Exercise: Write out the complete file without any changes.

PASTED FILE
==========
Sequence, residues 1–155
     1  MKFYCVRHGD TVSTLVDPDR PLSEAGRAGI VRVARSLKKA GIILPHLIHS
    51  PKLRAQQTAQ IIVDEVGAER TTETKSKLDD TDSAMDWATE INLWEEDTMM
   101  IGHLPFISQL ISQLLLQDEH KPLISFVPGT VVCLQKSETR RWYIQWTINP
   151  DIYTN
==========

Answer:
Sequence, residues 1–155
     1  MKFYCVRHGD TVSTLVDPDR PLSEAGRAGI VRVARSLKKA GIILPHLIHS
    51  PKLRAQQTAQ IIVDEVGAER TTETKSKLDD TDSAMDWATE INLWEEDTMM
   101  IGHLPFISQL ISQLLLQDEH KPLISFVPGT VVCLQKSETR RWYIQWTINP
   151  DIYTN